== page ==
Bitfarms doubles down on Paraguay, secures additional hydropower to buoy mining rigs

Bitfarms, founded in 2017, is set to construct two more mining facilities powered by hydroelectricity in Paraguay

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Bitcoin mining company Bitfarms is continuing its hydropower bent.

In the latest instance of the publicly traded Bitfarms turning to hydroelectric power to run mining rigs, the company has landed a number of contracts in Paraguay to boost its presence in the country. The agreements, Bitfarms said Monday, will result in new mining operations. 

In all, a projected 150 megawatts of hydroelectric power will come from dams, with Bitfarms negotiating two purchasing agreements. Bitfarms in 2021 acquired a hydropower plant in Washington and has continued to double down on that approach. 

About 50 megawatts will power the existing location in the southern city of Villarrica. Bitfarms said it will commence construction on a second mining facility and a substation in Villarrica in the third quarter.

The remaining 100 megawatts will come from the third-largest hydroelectric dam in the world, Itaipu, and will power another forthcoming mining operation in Yguazu. That mining farm has no current timeline for completing construction, according to a statement.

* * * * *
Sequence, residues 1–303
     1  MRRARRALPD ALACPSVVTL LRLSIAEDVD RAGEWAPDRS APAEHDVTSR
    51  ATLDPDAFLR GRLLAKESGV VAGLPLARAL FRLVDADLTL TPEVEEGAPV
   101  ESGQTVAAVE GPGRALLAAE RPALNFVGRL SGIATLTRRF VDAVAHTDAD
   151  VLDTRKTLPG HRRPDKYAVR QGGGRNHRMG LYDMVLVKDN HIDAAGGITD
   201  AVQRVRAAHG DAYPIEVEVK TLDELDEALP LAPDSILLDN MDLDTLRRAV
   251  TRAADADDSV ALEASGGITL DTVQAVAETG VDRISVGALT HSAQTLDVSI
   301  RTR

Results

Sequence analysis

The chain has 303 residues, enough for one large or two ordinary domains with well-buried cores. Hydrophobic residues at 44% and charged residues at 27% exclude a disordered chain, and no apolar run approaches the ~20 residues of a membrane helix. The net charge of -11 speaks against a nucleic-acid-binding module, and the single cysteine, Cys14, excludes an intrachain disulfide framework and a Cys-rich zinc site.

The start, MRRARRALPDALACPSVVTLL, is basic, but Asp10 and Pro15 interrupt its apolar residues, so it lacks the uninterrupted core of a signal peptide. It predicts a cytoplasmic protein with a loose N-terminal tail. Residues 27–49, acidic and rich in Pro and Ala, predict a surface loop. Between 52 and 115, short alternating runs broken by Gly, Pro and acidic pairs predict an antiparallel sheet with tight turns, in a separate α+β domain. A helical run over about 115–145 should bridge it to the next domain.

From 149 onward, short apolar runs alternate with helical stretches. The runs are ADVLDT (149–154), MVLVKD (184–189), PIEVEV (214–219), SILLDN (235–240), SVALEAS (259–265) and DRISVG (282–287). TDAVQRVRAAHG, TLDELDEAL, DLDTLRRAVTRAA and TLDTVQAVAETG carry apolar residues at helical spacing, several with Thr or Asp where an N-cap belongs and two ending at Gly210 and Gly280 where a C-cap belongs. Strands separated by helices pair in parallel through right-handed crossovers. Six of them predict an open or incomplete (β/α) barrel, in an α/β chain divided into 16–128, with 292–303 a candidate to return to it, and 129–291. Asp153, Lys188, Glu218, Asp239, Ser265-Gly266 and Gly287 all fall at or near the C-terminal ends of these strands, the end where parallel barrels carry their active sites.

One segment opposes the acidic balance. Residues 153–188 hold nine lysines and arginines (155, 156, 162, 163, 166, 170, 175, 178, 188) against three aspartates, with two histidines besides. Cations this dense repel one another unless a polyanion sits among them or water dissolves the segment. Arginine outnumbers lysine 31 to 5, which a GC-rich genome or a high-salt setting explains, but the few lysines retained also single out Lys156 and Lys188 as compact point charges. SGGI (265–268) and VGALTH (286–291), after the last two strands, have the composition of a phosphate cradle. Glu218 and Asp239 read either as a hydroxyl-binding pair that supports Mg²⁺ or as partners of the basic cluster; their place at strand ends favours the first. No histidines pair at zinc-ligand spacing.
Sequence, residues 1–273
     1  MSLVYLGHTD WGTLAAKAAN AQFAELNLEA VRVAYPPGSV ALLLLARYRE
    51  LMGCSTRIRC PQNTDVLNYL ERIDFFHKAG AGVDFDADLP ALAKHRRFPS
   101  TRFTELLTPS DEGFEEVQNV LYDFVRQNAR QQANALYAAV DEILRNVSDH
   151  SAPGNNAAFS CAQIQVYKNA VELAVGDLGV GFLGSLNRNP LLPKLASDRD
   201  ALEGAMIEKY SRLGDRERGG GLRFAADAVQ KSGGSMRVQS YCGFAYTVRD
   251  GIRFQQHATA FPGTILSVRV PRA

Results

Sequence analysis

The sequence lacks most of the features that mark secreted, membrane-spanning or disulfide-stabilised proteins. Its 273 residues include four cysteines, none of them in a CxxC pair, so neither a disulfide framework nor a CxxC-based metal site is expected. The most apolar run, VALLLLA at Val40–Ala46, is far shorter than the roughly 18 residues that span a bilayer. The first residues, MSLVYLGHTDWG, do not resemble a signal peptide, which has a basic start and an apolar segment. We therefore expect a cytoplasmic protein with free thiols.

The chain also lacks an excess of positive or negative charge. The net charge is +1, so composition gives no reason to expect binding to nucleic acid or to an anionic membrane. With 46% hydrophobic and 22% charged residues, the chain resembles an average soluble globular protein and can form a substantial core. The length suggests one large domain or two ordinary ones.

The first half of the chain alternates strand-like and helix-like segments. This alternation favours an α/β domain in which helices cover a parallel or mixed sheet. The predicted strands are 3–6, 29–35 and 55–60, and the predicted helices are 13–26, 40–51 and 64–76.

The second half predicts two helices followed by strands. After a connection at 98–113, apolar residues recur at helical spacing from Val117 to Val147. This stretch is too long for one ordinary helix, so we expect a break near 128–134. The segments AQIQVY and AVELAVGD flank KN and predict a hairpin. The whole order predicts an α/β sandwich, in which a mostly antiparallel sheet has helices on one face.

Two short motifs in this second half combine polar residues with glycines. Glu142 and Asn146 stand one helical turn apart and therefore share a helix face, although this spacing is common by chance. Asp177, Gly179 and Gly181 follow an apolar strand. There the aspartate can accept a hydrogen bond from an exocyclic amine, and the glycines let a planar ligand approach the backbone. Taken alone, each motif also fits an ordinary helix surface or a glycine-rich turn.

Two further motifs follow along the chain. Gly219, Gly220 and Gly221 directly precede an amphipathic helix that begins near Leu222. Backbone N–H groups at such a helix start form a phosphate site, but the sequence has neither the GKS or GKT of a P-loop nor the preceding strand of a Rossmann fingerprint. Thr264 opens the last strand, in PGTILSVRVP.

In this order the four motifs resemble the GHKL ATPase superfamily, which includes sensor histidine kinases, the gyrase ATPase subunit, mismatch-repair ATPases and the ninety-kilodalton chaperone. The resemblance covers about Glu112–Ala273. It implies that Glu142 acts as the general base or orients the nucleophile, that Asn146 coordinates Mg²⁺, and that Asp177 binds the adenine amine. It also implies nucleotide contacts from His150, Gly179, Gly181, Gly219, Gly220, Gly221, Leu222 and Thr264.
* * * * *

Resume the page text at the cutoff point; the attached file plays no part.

Bitfarms CEO Geoff Morphy said the upcoming bitcoin halving has resulted in a focus on growth potential in the short term. The event, which is expected to have an industry-wide impact on cryptocurrencies, should take place around mid-April 2024. 

“We are seeking to drive growth by leveraging our farm design expertise and drawing upon our operational experience to broaden our geographical presence and optimize global, underutilized power resources,” Morphy said in a statement. 

“Paraguay has access to an abundance of surplus renewable power, and these acquisitions secure valuable, yet limited, sustainable energy contracts,” he said.

The halving, as well as the price of bitcoin (BTC) calculated against power costs, has a demonstrable effect on the profitability miners can expect.

For example, a little less than two weeks after the FTX collapse, bitcoin was down over 60% from the beginning of the year to around $16,300. Over that same period, electricity prices were up around 13%. This tested miners’ ability to stay afloat, especially smaller operators. 

But in January 2023, bitcoin was hovering in the $23,000 range. At that time, the global hash rate was hitting all-time highs — and mining stocks were in the green.


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